Historical Context of Burrows Cave
by Dr. Joseph Buford Mahan, Jr.
President Emeritus - ISAC - Spring 1995
MIDWESTERN EPIGRAPHIC JOURNAL, Vol 9, Number 1, 1995
Note to Web Browser:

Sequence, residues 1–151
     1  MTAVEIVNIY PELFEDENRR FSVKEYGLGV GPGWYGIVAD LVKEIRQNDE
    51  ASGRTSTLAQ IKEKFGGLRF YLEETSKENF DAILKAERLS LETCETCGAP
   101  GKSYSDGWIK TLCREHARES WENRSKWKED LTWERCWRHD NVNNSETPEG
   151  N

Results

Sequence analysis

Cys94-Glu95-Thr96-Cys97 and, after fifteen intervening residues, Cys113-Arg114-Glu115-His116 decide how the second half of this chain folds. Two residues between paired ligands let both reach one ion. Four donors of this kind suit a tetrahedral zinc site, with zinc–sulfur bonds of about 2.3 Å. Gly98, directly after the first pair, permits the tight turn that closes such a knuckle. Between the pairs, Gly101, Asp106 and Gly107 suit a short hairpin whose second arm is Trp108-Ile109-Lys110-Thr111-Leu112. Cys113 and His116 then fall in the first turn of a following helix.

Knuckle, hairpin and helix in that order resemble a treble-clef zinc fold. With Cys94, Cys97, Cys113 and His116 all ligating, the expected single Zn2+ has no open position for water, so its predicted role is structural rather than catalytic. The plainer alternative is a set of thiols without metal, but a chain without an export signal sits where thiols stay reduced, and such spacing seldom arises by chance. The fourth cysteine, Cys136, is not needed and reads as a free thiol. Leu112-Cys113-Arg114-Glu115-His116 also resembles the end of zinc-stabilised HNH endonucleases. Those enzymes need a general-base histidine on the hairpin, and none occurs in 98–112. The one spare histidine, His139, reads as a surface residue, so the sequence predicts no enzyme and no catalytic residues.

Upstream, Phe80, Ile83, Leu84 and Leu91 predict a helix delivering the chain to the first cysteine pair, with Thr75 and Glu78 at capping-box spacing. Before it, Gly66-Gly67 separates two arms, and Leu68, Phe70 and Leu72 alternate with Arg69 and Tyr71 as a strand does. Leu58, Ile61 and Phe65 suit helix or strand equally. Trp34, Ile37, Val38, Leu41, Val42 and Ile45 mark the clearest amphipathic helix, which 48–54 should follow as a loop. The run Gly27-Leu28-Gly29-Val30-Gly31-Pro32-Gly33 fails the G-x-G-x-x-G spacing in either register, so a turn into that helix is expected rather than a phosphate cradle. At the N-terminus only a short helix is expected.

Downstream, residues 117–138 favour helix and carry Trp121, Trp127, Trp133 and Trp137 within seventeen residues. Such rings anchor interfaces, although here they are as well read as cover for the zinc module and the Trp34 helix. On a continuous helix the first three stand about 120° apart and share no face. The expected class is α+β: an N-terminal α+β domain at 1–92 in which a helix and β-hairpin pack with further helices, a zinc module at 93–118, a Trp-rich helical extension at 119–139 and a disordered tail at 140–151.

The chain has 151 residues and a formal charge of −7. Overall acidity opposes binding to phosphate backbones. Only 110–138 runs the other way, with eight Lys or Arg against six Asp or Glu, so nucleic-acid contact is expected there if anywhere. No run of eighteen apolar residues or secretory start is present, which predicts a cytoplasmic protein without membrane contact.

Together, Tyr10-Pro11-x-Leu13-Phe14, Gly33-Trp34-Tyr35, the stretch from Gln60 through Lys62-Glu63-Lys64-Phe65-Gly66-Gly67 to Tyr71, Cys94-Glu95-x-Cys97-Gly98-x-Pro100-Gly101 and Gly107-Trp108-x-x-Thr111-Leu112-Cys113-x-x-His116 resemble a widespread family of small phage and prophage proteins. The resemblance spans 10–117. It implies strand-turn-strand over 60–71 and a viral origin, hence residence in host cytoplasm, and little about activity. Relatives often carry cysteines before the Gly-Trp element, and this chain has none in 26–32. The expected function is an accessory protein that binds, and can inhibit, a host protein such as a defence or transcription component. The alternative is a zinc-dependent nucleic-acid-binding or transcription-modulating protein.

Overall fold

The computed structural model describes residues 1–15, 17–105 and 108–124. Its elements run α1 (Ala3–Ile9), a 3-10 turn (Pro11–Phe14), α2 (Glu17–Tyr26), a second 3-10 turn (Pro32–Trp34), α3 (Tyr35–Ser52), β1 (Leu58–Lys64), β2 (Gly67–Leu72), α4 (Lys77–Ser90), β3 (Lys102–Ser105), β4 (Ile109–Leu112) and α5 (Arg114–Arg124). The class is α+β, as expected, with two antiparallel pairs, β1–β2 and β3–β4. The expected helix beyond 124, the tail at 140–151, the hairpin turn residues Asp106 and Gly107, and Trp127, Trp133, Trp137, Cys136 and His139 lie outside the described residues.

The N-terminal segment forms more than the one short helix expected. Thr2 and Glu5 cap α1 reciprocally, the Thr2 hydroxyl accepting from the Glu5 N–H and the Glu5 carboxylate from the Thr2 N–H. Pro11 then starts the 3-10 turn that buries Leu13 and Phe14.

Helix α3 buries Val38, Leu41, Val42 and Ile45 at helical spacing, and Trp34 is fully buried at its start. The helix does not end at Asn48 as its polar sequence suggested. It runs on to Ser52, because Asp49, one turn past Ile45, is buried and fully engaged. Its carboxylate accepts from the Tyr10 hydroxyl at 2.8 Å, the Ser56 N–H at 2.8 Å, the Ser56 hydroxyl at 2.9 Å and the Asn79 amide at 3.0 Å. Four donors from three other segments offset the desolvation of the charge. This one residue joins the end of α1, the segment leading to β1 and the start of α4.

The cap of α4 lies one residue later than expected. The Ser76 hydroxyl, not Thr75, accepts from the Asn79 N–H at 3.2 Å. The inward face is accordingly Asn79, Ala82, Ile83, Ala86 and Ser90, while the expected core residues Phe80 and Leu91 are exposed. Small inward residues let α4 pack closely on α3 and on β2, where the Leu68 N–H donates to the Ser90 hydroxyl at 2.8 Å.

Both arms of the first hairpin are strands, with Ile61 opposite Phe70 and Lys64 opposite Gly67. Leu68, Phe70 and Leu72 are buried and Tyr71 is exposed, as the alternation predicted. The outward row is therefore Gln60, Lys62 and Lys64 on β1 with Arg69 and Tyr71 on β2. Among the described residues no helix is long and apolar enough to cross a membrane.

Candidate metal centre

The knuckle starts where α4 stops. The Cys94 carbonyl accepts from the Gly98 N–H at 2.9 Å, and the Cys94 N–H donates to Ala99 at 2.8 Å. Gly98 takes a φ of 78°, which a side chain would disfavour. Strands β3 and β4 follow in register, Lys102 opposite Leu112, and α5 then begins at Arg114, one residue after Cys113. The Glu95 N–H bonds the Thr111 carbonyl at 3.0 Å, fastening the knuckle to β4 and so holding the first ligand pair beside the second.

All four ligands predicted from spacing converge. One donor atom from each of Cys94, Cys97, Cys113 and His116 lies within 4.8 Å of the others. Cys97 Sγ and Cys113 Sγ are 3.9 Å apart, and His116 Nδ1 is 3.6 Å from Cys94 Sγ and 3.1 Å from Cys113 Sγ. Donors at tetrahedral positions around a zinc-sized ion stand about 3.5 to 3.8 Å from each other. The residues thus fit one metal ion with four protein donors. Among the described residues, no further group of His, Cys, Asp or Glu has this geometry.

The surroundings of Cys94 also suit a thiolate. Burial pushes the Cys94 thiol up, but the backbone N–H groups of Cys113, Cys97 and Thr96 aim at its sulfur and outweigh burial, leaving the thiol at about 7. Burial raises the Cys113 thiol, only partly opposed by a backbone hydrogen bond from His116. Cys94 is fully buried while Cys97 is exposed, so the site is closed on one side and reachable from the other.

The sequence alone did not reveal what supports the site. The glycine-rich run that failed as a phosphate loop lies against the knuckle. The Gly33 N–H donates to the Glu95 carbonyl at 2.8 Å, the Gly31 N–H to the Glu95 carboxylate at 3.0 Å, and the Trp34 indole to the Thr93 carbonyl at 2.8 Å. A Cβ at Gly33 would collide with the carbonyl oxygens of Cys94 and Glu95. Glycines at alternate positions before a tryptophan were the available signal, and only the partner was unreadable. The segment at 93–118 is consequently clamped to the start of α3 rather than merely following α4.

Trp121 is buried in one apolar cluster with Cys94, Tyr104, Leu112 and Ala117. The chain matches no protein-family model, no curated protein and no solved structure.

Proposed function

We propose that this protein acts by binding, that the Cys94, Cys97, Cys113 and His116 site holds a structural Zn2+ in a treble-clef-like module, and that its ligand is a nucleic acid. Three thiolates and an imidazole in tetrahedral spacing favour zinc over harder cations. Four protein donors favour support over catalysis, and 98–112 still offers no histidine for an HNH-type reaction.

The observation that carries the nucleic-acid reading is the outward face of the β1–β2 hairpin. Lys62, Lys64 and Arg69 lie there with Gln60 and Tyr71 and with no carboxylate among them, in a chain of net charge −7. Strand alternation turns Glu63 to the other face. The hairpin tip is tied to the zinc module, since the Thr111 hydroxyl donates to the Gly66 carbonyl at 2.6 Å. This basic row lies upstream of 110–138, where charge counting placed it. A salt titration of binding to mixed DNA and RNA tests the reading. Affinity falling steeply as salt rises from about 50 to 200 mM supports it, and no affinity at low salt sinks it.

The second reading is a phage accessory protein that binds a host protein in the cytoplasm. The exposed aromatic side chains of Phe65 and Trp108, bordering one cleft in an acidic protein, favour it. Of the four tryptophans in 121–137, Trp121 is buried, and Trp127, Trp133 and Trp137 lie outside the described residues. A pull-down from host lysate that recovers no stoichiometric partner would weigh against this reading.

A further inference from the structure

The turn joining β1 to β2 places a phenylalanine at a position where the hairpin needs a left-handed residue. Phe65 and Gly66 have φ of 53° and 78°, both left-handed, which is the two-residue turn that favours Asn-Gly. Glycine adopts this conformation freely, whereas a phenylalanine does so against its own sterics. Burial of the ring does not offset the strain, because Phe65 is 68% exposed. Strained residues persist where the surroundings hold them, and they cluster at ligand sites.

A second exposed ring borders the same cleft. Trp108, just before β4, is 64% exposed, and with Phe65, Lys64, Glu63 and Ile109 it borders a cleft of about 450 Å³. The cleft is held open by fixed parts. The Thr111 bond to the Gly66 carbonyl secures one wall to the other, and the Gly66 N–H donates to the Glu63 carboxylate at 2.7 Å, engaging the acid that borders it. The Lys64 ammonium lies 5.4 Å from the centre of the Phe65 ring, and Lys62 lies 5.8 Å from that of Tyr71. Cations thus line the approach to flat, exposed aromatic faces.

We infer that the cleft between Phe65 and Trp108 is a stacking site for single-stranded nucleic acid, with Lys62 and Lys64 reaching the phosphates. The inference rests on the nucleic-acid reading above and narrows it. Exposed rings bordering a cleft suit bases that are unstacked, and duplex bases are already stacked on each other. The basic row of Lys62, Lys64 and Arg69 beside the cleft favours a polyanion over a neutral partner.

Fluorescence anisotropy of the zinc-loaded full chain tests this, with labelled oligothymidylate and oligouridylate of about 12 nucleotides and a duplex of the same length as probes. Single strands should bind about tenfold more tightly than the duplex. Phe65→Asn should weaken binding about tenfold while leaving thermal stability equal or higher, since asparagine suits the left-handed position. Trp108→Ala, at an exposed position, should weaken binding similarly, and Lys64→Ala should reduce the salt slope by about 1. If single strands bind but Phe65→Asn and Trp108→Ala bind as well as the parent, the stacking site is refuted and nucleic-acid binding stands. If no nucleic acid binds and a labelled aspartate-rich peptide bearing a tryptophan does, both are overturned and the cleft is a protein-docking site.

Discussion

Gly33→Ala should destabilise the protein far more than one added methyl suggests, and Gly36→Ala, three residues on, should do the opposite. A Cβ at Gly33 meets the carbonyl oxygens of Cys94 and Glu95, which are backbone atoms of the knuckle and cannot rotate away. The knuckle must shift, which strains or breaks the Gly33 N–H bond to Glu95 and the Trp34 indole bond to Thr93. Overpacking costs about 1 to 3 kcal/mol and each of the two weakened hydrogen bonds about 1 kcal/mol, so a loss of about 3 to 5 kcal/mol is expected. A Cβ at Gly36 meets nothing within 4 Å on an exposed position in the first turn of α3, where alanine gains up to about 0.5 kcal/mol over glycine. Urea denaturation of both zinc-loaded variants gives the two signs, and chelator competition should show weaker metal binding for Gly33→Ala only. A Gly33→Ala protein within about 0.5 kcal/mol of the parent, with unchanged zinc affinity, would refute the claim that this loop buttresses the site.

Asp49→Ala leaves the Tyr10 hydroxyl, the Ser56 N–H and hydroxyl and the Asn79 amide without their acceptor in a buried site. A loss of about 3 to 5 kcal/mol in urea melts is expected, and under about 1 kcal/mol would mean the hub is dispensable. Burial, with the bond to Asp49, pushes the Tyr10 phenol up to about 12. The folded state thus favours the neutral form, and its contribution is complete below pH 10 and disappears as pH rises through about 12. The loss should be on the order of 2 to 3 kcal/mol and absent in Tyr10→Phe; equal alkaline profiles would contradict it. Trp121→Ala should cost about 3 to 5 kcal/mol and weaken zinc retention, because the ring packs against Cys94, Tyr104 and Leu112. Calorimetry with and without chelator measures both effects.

If you've made it this far through our Web Page, you are no longer a novice. You should by now realize what we have done and what we are claiming to be true and factual. This is the controversial lecture given by Professor Mahan in spring of 1995. The story is carefully detailed in my books: Tomb Chronicles Part I and II. I had been supplying Dr. Joe with data relating to our discovery to use for his speech to be made in our absence, however, Joe talked us into being present at the last moment. The editors notes are that of Dr. John White III, as this issue of the article is taken from his MES Journal. The only sham that happened here, is that Joe gave us no credit for any of the data I sent him. Most of the speech is my work verbatim, but he didn't list either of us in his bibliography. Not that we so much as cared, but others came after Joe and claimed him responsible for the discovery which simply is not true. We brought Selene, Juba, Helios and the others to the forefront and can spread the credit to no one else in the world. Mahan, nor anyone, would never have had a clue if it weren't for us. Let's face it, no American Scholar or writer would have any comments whatsoever of the significance of these personages and our "New World History" without first being privy to our data, especially a Diffusionist Historian like Joe. Most of what is REAL with this speech is my data, but Mahan did add in his own material; much of which came from books written by certain ladies fantacized most of what they wrote, because there was no classical history to back up any of their ideas, (see first three bibliography entries). We had no problem with Mahan, because of what we told him, he stuck to the main line closely and got it right. It was more important for us to leave a trail of true history, as opposed to having our data twisted. This lecture was reprinted in several journals and newsletters. You can read more about Dr. Joe in the Personal Bios section.